Tense nail-biter about a professional thief (Robert De Niro) who agrees to take on the proverbial "one last job", even though it breaks two of his cardinal rules: partnering up with a stranger (Edward Norton, impressive as usual) and working in his home town (Montreal, a refreshing locale, well-used). But the money – a cool $6 million – is too good to pass up, especially since it means he can pay off his fancy home and his treasured jazz club, and retire with his flight attendant girlfriend (Angela Bassett, who has maybe two or three scenes).
Marlon Brando plays the "mastermind" behind this so-called score, which involves the theft of a prized French scepter from an impossible-to-crack safe under heavy security in the bowels of a government building. He's very fat, very foul-mouthed, and – most interestingly – rather pathetic. When you see Brando, you expect a towering, Godfather-like figure, so it's a treat to see him play his character as basically a fat loser.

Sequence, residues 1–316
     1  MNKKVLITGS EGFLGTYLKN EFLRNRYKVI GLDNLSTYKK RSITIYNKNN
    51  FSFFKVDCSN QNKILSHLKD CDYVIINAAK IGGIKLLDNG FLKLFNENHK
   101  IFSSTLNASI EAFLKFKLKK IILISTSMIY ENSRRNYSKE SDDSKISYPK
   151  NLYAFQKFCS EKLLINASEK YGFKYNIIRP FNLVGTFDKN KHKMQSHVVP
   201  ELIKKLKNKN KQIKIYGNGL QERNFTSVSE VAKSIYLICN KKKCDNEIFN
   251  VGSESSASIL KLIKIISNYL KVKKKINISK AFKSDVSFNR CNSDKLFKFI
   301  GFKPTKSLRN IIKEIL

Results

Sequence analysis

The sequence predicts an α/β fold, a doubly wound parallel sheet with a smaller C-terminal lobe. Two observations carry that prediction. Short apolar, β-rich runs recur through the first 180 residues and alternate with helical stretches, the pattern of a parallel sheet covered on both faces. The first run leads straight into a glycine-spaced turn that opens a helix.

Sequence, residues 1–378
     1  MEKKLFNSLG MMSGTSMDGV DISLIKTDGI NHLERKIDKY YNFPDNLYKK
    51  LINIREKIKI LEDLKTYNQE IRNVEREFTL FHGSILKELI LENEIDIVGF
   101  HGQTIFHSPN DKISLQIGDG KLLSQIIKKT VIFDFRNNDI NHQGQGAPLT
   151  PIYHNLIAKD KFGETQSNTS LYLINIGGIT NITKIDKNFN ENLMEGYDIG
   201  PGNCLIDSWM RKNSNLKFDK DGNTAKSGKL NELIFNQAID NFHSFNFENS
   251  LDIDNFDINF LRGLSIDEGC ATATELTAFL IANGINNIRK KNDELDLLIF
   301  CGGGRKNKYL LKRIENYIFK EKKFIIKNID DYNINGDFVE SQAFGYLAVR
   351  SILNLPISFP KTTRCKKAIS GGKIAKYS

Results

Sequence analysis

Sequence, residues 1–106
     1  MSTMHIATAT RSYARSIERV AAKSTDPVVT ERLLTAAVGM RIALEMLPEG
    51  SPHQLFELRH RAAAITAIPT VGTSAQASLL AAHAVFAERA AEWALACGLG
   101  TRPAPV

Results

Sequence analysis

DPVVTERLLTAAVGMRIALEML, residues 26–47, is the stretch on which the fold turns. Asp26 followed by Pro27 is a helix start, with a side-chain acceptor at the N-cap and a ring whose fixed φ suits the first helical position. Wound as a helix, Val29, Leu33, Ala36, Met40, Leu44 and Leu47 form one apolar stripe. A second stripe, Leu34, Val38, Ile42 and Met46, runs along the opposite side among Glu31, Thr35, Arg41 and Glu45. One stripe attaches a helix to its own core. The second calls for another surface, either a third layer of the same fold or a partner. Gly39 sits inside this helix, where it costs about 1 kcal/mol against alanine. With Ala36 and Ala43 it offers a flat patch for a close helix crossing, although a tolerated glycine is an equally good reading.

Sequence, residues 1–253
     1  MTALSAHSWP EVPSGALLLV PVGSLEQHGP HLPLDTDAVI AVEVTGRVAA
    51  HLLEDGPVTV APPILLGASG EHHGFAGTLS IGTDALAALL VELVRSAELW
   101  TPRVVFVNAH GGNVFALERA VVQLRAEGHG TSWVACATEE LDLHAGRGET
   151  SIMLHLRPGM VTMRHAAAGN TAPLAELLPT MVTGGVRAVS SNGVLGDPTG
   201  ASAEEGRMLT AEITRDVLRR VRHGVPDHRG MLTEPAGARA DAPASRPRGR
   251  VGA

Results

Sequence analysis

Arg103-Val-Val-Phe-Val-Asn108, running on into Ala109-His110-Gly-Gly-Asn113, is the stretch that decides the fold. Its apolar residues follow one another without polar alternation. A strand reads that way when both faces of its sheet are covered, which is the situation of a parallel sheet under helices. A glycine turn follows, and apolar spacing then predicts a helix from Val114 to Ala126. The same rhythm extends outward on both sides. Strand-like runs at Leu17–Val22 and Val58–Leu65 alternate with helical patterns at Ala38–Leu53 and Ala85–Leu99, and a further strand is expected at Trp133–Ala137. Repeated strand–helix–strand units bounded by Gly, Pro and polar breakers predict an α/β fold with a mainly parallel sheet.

But the film is all about the heist, and former Muppet Frank Oz proves himself surprisingly adept at keeping his plot suspenseful: The Score feels like a modern-day Rififi. (I heard a story that the ever-difficult Brando disliked Oz so much that he told the director, "I bet you wish I was one of your puppets, so you could stick your hand up my ass and make me do what you want.") I have some gripes about the ending, which has a nice twist but comes across as flippant. But not every film has to be deep; this one is exciting and entertaining, with strong performances, crisp dialogue, and confident direction, and in this case that's enough.